It was early 2015 when Agustin Magbuo noticed some changes on his eyesight. His vision was becoming cloudy and hazy. Just over a month later, the 54-year old barangay tanod (village watchman) could no longer see anything even from a couple of feet away.
He has nearly become blind and doctors advised him to undergo surgery to remove an apparent cataract off his eyes.
A resident of Bacungan village, in Palawan’s capital Puerto Princesa City, Magbuo sought help from different people so he could get the operation. Just as he was about to get it late that year, fate played a horrendous prank on his family.
Agustin’s wife Rose Jean stepped on a thumbtack while working at their home. Her foot was punctured but the wound suddenly worsened, infecting her toes before climbing up to her knee.
Rose Jean has diabetes and her right knee to her foot had to be amputated or her condition would further worsen.
“I had to make a tough decision right away: My eyesight or my wife’s life,” Agustin, now 58 and bedridden, said in Filipino.
“I chose her,” Agustin said.
Rose Jean was brought to the nearest hospital capable of amputating her diabetes-affected limb.
But the couple’s only source of income then was from the charcoals and bamboo slat-walls (sawali) they make, which were not enough to raise the more than P200,000 money they needed.
Their two daughters could pitch in funds, but they had their own families to take care of too.
Luckily, several individuals helped in raising the amount needed and Rose Jean was able to get the operation she needed. She was brought back home unable to walk without the aid of crutches and a prosthetic leg.
While Rose Jean was recuperating, Agustin’s condition also deteriorated.
They survived with the little support they are given by their children, often embarrassed to ask for more because they too, needed money.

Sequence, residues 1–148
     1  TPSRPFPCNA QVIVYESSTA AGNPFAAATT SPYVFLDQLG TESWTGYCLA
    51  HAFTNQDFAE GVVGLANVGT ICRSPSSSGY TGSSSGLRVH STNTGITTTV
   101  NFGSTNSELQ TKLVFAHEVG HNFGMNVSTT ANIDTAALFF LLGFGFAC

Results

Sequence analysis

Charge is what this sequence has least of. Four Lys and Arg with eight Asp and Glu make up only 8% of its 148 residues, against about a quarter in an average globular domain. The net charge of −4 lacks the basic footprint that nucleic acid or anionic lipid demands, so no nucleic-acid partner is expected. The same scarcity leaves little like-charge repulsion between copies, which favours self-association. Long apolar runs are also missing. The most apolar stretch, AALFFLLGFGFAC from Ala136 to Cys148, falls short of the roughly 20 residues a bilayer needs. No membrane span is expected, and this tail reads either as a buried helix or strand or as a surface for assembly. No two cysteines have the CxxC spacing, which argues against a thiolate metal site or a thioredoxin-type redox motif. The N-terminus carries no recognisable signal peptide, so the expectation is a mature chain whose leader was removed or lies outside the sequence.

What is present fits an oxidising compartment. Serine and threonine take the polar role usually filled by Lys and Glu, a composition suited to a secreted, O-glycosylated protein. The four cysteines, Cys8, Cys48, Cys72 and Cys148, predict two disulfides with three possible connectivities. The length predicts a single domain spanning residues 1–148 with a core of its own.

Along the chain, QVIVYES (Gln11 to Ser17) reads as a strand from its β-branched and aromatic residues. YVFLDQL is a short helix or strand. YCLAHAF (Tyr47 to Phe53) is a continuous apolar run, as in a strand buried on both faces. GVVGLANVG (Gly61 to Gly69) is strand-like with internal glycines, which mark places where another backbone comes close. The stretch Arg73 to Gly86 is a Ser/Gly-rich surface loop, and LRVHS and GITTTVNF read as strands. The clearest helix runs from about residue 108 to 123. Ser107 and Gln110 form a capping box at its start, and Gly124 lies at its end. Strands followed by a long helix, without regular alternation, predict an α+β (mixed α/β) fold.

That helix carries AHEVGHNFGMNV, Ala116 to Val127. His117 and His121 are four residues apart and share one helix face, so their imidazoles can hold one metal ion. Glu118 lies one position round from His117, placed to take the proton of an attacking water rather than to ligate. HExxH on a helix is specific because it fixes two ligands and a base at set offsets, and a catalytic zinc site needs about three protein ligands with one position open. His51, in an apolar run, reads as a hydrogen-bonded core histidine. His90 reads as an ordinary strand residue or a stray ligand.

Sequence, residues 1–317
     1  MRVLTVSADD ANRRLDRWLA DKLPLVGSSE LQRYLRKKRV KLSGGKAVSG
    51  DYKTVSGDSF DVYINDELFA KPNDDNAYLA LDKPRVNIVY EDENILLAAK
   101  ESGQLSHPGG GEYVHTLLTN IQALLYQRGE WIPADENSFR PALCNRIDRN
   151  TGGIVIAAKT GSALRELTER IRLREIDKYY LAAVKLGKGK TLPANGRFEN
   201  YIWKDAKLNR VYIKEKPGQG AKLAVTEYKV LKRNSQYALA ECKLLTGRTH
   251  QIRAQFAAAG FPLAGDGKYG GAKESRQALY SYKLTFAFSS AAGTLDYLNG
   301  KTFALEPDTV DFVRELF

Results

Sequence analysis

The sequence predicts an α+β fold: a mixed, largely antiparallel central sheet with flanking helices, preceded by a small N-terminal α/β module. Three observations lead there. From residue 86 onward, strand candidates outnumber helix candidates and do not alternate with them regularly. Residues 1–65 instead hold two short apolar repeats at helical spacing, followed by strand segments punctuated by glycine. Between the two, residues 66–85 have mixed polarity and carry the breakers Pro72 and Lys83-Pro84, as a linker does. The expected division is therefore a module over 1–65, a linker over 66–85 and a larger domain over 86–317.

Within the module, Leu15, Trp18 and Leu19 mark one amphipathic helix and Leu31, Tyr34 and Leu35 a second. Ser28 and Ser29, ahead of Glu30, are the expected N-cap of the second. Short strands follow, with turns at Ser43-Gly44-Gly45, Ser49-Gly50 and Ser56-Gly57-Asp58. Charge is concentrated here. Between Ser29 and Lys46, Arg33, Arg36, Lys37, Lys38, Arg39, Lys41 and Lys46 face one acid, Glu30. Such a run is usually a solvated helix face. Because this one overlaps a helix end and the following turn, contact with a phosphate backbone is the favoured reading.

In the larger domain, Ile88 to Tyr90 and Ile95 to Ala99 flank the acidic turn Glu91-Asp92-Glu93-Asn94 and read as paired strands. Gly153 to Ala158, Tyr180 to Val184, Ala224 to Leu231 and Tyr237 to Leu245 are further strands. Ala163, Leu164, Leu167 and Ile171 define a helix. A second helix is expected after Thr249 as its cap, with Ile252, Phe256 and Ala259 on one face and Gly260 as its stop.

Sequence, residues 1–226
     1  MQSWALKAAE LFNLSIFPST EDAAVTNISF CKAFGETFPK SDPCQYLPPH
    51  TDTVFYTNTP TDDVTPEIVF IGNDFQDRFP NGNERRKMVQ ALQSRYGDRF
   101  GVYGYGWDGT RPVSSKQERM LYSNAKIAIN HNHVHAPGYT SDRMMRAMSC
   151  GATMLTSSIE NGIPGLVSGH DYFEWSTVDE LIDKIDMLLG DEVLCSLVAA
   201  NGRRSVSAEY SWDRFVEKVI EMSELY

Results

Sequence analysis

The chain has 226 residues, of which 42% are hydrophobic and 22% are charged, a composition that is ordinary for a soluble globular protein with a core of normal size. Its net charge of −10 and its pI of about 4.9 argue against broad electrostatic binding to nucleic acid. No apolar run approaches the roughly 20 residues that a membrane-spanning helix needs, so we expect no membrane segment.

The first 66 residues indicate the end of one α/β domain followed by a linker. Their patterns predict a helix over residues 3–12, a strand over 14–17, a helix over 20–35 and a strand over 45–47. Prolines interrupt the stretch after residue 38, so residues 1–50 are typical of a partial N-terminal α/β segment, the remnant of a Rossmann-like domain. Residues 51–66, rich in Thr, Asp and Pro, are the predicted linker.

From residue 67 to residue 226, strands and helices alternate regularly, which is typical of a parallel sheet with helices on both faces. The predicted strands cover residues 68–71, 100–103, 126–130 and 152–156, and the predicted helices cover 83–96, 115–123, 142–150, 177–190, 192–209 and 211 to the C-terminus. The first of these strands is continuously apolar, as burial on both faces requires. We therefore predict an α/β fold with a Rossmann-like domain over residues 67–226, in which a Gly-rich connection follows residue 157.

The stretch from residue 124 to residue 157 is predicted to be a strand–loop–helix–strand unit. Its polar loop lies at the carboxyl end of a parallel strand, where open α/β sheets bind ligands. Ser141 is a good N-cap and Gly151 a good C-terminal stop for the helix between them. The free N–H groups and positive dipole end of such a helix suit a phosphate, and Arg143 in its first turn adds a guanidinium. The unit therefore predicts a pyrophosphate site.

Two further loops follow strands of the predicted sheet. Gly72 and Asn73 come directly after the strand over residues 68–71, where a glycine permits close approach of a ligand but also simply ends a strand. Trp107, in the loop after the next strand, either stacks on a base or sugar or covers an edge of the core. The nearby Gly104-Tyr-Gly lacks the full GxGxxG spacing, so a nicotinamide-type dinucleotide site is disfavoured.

“We cannot always rely on them because it was their husbands who earned for their families. We’re ashamed to always ask for their help,” Agustin said.
The couple lives in a thatched hut beside a well-paved road that snakes up to the Yamang Bukid at Sitio Candes 2 in Bacungan.
For nearly three years, the couple lived and struggled inside their home; physically-handicapped husband and wife who vowed to love and not to leave each other come what may.
“There were times we’re so down that I would wish for everything to end. But when I see how my wife was struggling too, I realized we have to continue living,” Agustin recalled.
Rose Jean, for her part, wanted and prayed to have an artificial leg so she could move easier and maybe find a source of living for them.
“They were so poor and pitiful,” said Margie Anjan, neighbor and wife of the village councilor.
When Margie’s employer, Yamang Bukid, hosted a party for senior citizens in Bacungan, the village official’s wife remembered her physically-challenged neighbors.
“I wanted them to partake the food and maybe get some gifts so I tagged them along,” Margie narrated, nearly tearing up because of the sad situation of Agustin and Rose Jean.
She said they got the surprise of their lives when Yamang Bukid officials offered to shoulder Rose Jean’s prosthetic leg.
The agri-tourism farm gave the couple P15,000 cash for her artificial leg and another P20,000 to start a sari-sari (variety) store.
“Many of those who witnessed the event wept openly. It was just overwhelming,” Margie said, sniffling for the help her neighbors have received from Yamang Bukid.
“Thinking about it now still brings tears to me,” she added.
Since January, Agustin and Rose Jean have been relying on the profits of their sari-sari store in Candes 2. Their house was also repaired with the help of caring relatives and neighbors.
“All the money intended for buying resalable goods were used for the purpose, as well as for the purchase of a prosthetic leg. No money was wasted,” said the 53-year old amputee.
Rose Jean said they are grateful for the generosity of Yamang Bukid which was extended to them, giving them hope during a time when everything seemed so bleak for them to survive.
“I could not really contain my happiness because they gave us the chance to start our lives again. The store has helped us in our daily needs,” Rose Jean narrated between tears.
Agustin said their life has improved with the “livelihood showcase” Yamang Bukid gave them.
“Before, when I want to drink chocolate, we have to beg our relatives so we can have them,” he said.
While their struggle may still be far from over, the Magbuos are grateful to the organizations and entities like Yamang Bukid for caring for people regardless of their circumstances.
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